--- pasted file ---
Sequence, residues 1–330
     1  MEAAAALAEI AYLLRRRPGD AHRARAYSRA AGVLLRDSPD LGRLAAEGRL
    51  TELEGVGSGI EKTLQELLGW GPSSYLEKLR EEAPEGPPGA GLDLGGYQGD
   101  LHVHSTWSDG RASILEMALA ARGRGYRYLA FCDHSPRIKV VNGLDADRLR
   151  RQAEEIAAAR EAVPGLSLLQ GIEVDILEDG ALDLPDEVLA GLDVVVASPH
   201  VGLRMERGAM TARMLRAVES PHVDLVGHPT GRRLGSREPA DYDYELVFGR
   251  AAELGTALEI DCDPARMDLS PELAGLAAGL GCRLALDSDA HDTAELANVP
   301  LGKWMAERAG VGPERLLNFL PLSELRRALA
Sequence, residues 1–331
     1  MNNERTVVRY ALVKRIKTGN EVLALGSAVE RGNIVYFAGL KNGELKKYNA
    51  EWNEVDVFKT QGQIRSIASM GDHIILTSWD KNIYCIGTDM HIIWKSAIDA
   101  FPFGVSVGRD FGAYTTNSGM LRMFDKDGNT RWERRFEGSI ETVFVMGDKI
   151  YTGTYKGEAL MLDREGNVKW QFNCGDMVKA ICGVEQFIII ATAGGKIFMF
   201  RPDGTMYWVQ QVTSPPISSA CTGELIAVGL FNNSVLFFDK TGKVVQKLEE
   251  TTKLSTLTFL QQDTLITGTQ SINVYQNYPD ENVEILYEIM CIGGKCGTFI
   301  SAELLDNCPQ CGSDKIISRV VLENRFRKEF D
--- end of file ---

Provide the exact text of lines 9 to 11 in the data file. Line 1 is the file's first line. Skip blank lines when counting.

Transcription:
Sequence, residues 1–331
     1  MNNERTVVRY ALVKRIKTGN EVLALGSAVE RGNIVYFAGL KNGELKKYNA
    51  EWNEVDVFKT QGQIRSIASM GDHIILTSWD KNIYCIGTDM HIIWKSAIDA